The components are currently being trialled on site at Barnaby’s Brewhouse, with the goal of implementing the carbon capture and reuse system for full-time production. Once that process has been successfully implemented, Barnaby’s Brewhouse is seeking funding to turn the carbon capture system into a commercial package that can be offered to other small and micro-breweries and fermenters who cannot currently afford to capture and reuse their own carbon.

“In 2018 when we first started working with the Impact Lab,” Tim Stacey said, “it was clear that the UK has a problem in relying on CO2 that comes from fossil fuels. The national shortages in both 2018 and 2021 have reinforced the need to sequester and reuse our own CO2. Carbon dioxide prices doubled in the space of weeks, which puts everyone’s prices up. Without technology like the system that we’re developing, it will be much more difficult for microbreweries like ourselves to survive.”

Once fully implemented, the system will capture more carbon dioxide than is needed by Barnaby’s Brewhouse to manufacture and carbonate their drinks. It is now, therefore, looking at other innovative uses for the natural CO2. Recent research suggests that the correct use of CO2 in polytunnels can reduce pests and increase yields and the brewery is actively talking to a number of local growers about trialling this process.

“Ben Mundy at Fab Lab Plymouth has been instrumental in helping us to apply for further funding through the Impact Lab SME Grant Fund,” Tim Stacey said, “to take these ideas forward to the next stages.”

“From the outset, our goal has been to derive value from our waste products and pursue a circular economy approach. It’s a modern trend for companies to greenwash their activities and call themselves carbon neutral or even carbon positive, because they plant trees to ‘offset’ their environmental impact, but this doesn’t address the elephant in the room. Carbon offsetting doesn’t tackle the real problems created by business.”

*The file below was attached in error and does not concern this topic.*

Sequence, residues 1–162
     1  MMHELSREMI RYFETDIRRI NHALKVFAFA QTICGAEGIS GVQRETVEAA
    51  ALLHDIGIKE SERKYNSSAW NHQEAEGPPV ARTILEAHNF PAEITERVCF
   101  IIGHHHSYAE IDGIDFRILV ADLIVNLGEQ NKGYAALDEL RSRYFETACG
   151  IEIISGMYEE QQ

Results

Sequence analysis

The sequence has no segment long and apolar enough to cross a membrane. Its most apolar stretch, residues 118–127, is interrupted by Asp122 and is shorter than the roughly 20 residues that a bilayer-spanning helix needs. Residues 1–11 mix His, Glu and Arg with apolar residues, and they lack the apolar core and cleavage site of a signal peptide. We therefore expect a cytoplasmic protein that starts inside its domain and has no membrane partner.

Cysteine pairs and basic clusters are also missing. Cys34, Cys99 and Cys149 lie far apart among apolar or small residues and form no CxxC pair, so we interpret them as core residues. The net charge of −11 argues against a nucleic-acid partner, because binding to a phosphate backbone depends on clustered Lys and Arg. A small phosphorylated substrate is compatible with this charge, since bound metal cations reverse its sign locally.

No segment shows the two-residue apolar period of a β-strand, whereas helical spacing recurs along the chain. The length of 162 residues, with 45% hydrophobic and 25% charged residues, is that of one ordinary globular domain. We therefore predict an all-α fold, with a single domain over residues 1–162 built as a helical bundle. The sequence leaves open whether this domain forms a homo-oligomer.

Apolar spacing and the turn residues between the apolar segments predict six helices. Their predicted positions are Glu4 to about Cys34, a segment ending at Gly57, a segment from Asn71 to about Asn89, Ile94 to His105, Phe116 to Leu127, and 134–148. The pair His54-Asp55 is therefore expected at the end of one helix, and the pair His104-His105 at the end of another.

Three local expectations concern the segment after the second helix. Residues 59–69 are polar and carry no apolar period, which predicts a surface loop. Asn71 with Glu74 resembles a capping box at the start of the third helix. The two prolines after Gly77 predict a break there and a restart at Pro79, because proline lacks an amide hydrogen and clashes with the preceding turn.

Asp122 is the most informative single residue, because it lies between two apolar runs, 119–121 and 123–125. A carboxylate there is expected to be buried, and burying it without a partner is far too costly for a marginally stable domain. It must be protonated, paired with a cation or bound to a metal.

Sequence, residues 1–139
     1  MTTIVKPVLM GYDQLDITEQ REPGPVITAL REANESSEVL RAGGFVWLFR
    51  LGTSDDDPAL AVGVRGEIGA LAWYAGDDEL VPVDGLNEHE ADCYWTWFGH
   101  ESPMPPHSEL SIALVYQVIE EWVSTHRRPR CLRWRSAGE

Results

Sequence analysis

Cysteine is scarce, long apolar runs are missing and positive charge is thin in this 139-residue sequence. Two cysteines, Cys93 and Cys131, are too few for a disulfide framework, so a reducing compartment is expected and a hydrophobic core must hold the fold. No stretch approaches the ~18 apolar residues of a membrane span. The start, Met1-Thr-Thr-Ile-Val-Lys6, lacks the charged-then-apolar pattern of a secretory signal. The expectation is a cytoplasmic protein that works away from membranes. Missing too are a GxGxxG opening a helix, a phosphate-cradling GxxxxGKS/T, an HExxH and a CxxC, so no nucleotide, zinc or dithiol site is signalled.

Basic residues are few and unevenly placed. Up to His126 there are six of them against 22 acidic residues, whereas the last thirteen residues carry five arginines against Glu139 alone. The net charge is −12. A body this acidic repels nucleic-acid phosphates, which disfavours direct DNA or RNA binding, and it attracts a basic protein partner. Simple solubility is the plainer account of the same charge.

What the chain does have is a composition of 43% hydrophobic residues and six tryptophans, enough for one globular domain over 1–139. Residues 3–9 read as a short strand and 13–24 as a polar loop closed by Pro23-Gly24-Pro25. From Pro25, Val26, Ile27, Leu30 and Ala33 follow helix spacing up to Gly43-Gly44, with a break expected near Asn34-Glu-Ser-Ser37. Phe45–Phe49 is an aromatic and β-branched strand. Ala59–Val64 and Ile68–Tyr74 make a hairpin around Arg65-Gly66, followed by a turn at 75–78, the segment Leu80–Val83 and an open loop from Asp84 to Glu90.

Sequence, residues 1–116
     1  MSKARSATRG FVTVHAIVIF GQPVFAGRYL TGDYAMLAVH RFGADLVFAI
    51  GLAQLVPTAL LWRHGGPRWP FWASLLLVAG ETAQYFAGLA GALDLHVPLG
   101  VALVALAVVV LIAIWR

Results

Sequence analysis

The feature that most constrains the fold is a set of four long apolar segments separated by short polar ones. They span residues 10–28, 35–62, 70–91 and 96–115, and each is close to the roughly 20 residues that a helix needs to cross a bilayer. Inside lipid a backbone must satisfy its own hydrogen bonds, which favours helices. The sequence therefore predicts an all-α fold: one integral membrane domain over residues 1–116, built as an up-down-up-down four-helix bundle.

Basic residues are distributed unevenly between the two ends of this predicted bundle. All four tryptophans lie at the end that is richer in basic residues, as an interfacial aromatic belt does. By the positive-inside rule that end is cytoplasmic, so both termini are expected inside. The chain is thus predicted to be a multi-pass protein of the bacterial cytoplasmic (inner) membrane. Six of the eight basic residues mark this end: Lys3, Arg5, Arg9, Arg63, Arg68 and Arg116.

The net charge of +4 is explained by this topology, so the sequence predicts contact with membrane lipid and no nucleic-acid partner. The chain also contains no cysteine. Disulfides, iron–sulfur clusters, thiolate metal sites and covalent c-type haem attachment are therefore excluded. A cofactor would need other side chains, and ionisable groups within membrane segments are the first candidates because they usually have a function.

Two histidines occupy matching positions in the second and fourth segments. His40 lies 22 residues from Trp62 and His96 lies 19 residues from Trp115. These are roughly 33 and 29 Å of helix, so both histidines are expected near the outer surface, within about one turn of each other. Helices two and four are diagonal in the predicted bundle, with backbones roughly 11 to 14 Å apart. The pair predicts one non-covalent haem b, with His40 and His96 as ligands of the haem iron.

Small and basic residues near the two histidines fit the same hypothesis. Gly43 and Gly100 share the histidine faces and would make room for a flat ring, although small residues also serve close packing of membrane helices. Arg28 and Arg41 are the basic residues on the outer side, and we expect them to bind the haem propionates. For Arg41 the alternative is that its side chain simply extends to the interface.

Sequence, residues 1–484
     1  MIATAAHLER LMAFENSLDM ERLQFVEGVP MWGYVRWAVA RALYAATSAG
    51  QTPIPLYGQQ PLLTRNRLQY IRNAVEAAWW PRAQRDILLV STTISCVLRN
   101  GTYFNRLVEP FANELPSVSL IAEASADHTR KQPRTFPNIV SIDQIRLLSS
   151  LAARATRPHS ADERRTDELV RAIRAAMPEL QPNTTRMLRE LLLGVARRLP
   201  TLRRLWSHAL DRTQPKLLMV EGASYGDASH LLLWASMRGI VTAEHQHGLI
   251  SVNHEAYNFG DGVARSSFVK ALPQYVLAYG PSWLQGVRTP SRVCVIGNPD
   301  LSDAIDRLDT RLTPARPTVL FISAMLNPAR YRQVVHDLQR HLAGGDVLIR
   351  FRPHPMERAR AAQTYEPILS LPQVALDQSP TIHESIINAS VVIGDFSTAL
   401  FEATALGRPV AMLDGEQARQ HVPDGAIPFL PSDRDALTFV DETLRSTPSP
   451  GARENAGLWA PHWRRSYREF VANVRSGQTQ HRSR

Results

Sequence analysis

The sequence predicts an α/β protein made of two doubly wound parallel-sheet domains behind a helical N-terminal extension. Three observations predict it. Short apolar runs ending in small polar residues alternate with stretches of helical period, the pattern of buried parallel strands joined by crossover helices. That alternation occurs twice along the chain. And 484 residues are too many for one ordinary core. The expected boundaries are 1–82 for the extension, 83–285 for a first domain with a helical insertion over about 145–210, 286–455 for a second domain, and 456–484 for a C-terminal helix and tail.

“For Barnaby's Brewhouse, we want to follow evidence-research into how we can really make a difference. We’re looking at everything we can control within the walls of the business, from using locally-managed springwater to capturing and reusing our own CO2. As a philosophy, this makes us significantly more efficient, which in turn brings financial benefits. In the end, sustainability makes good business sense.”

Ian Hankey in Fab Lab Plymouth

Ian Hankey in Fab Lab Plymouth

The Impact Lab is a European Regional Development Funded project that harnesses the environmental and technical expertise of key Devon institutions as a resource for collaborative projects that help businesses in the county solve technical challenges in the development of a new product, service or process. The Impact Lab is a partnership comprising Plymouth College of Art, the University of Exeter, Exeter City Futures, the Met Office, University of Plymouth, Plymouth Marine Laboratory, and Rothamsted Research.

Tim Stacey said: “Having access to the level of skills that Ian Hankey and Ben Mundy have offered us would be almost impossible for a small business like ours, without having access to Fab Lab Plymouth and the Impact Lab. The machinery and equipment in Fab Lab Plymouth is invaluable, of course, but the fundamental technical training of the experts who work there are key to helping us translate our ideas into practical solutions. Through Fab Lab Plymouth, we’re tapping into a community, bringing together people from different businesses with different expertise to have conversations that wouldn’t have happened any other way. To scale up a small business like ours, we need automation, and the conversations, expertise and support offered through Fab Lab Plymouth are key to making that happen.”